A multitude of research indicates that consuming at least ten portions of fruits and vegetables per day significantly lowers the risk of cancer and heart disease. While the “five-a-day-rule” yields significant benefits, an extra five portions even further reduces the chance of disease development.
A study published in the International Journal of Epidemiology predicts that if everyone ate ten portions of fruits and vegetables per day, approximately 7.8 million premature deaths could be prevented—including a dramatic decrease in stroke, heart attacks, and cardiovascular disease. While the current UK guidelines are to eat at least five portions, or 400 grams, per day, fewer than one in three adults are thought to meet this target.
Yet researchers found that even smaller intakes had benefits: a daily intake of two-and-a-half portions was associated with a 16% reduction in heart disease, a 4% decrease in cancer, and a 15% lessening in the risk of premature death. The consumption of ten portions per day was associated with more dramatic decreases—the maximum protection against disease and premature deaths.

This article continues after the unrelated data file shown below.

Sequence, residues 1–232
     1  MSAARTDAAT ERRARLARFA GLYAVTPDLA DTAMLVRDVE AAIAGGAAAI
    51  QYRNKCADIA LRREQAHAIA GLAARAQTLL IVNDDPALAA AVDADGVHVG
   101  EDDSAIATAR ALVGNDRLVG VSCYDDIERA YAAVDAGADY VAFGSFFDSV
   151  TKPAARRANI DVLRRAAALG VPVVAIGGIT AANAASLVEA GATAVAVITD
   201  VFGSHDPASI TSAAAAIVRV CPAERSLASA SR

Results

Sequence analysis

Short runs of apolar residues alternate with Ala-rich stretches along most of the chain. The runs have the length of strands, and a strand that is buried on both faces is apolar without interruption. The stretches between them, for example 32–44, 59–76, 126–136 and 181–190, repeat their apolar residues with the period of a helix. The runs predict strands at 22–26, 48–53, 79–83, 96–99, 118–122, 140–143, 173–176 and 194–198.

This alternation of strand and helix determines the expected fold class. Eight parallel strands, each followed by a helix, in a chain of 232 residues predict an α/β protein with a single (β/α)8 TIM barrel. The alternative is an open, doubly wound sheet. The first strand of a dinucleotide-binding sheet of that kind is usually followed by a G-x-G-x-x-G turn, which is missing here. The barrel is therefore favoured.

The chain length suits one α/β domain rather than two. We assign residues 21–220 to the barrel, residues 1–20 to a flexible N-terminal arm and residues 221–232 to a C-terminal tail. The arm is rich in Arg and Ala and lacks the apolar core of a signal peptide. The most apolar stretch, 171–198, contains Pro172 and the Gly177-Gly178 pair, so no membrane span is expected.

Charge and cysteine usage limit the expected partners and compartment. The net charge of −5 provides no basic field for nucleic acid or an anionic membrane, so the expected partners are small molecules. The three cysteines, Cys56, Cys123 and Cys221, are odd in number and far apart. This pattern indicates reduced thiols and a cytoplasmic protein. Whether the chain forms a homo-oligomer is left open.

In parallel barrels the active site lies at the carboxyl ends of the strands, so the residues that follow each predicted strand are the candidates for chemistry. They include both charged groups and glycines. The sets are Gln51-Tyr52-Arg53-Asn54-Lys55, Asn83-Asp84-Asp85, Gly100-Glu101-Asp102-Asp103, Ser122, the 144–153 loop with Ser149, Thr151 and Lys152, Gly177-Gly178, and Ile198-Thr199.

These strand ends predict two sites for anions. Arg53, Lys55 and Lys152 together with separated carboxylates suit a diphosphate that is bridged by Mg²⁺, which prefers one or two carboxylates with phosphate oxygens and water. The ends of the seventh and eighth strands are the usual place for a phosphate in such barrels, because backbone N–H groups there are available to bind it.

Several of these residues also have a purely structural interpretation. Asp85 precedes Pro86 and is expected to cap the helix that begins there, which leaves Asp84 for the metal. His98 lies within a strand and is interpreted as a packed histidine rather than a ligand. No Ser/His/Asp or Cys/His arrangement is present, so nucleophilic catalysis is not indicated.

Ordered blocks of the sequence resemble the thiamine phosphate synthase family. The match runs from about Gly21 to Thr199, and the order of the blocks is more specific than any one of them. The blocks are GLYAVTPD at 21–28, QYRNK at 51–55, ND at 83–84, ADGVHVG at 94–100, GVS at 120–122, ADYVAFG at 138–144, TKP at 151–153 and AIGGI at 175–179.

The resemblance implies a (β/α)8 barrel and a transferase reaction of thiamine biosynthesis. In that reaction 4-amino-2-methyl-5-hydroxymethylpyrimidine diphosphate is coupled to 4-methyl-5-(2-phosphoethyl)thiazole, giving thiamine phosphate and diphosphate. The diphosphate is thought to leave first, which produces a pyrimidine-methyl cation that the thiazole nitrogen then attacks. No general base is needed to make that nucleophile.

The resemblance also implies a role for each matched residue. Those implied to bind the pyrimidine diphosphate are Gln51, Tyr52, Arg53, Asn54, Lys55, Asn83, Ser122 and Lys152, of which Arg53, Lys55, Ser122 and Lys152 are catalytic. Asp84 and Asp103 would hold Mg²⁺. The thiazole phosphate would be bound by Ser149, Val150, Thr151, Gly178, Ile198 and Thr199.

The scientific studies reveal that fruit and vegetables reduce cholesterol levels, blood pressure, and boost the health of blood vessels and the overall immune system. Compounds called glucosinolates in cruciferous vegetables—such as broccoli—activate enzymes that may also help prevent cancer. Fruits and vegetables may also have a beneficial effect on the naturally occurring gut bacteria, and contain many antioxidants that may reduce DNA damage.
It is critical to eat whole plants in order to receive the aforementioned benefits, as the beneficial compounds cannot be easily replicated in a supplementary pill. As a high intake of fruit and vegetables holds tremendous health benefits, we should all attempt to increase their intake in our diets.